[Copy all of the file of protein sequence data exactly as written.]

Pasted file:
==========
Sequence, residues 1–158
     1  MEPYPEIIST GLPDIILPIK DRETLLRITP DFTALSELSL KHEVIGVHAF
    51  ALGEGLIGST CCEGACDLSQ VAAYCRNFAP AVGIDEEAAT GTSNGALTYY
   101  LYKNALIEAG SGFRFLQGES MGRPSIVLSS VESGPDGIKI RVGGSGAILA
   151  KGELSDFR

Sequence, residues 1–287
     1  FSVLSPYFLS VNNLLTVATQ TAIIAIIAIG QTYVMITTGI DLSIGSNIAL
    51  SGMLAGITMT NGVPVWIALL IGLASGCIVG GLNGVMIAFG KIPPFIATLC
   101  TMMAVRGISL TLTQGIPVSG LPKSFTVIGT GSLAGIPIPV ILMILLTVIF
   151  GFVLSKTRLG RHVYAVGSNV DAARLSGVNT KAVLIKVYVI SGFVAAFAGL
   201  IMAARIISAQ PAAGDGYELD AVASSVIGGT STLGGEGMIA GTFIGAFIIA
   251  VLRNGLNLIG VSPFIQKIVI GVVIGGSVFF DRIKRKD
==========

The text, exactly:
Sequence, residues 1–158
     1  MEPYPEIIST GLPDIILPIK DRETLLRITP DFTALSELSL KHEVIGVHAF
    51  ALGEGLIGST CCEGACDLSQ VAAYCRNFAP AVGIDEEAAT GTSNGALTYY
   101  LYKNALIEAG SGFRFLQGES MGRPSIVLSS VESGPDGIKI RVGGSGAILA
   151  KGELSDFR

Sequence, residues 1–287
     1  FSVLSPYFLS VNNLLTVATQ TAIIAIIAIG QTYVMITTGI DLSIGSNIAL
    51  SGMLAGITMT NGVPVWIALL IGLASGCIVG GLNGVMIAFG KIPPFIATLC
   101  TMMAVRGISL TLTQGIPVSG LPKSFTVIGT GSLAGIPIPV ILMILLTVIF
   151  GFVLSKTRLG RHVYAVGSNV DAARLSGVNT KAVLIKVYVI SGFVAAFAGL
   201  IMAARIISAQ PAAGDGYELD AVASSVIGGT STLGGEGMIA GTFIGAFIIA
   251  VLRNGLNLIG VSPFIQKIVI GVVIGGSVFF DRIKRKD